Rise of keyboard activists

Graphic by Lena Yang
Graphic by Lena Yang

When Tim Berners-Lee invented the World Wide Web, he probably didn’t foresee this.

He, and other early pioneers of the internet, likely dreamed of a network overflowing with information, which would bring humanity into a golden age of knowledge and reason. Discussion and exchange of ideas would prevail, bringing the truth to all. It’s sad to say that this is not the case.

Instead, the Internet has been hijacked by a growing number of what I call “keyboard activists.” They are people who take everything good about the Internet and atempt to ruin it in every way possible.

Instead of participating in rational debate, these groups prefer a more fascist approach: to create propaganda, generate hysteria and attack those who would dare be indifferent to such vital matters of social justice.

Normally, this wouldn’t be a problem – let them be, right? The problem is when extremists hang around other extremists, their opinions become exponentially more extreme as they attempt to one-up another and demonstrate how socially responsible they are.

These communities do not facilitate discussion about real solutions that can change the world; they simply reflect one’s own opinion to the point that it becomes inconceivable that one could possibly be wrong.

Now bearing the resemblance of a Fox News broadcaster, these empowered activists participate in shouting matches that can be heard across the Internet, spreading their irrefutable gospel.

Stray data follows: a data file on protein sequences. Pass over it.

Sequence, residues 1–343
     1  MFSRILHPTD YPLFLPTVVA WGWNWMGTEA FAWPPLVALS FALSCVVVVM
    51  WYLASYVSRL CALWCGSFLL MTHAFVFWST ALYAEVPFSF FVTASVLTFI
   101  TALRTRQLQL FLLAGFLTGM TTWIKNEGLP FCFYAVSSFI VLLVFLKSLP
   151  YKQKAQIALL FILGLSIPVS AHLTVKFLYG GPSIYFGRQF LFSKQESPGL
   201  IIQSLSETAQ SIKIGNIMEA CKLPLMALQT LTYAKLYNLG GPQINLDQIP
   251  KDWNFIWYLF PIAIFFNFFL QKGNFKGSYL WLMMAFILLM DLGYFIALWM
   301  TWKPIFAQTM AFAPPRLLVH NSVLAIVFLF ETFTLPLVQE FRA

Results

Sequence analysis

Which brings about the real problem: these activists, loud and (arguably) well-meaning as they may be, do nothing to help remedy the issues at hand.

“Raising awareness” is more often than not simply clicking “share” for a video participating in a comments section brawl, which makes the activist feel good but has no effect on the world at large.

As people begin to notice this, they too hop aboard the keyboard activism bandwagon and perpetuate the delusion that they’re making a change. It’s infectious, and it opens up innocent people to endless exploitation by those who can see through the hysteria.

For instance, take the Kony campaign back in 2012. Capturing the evil man became all the rage, and it set the social media world on fire. #Kony2012 became the number one trending topic on Twitter, and the video garnered 50 million views in just four days.

But to what end? Was he caught? Have the lives of these Ugandan children been made any better by the western world’s cries? The answer is no. Invisible Children made a lot of money off of this campaign, a lot of which has been used questionably. Lots of money was generated, but no souls were saved — no children were freed.

Such is the moral of this story: if you want to see something change, you have to get off of your ass. You’ll have to sacrifice some money, some actual energy, something.

Don’t fool yourself and think that “spreading awareness” online is any substitute. It isn’t. These activists are outraged, but they don’t care.

You can tweet about the litter all you want, but it’ll still be there until someone picks it up. That’s the difference.

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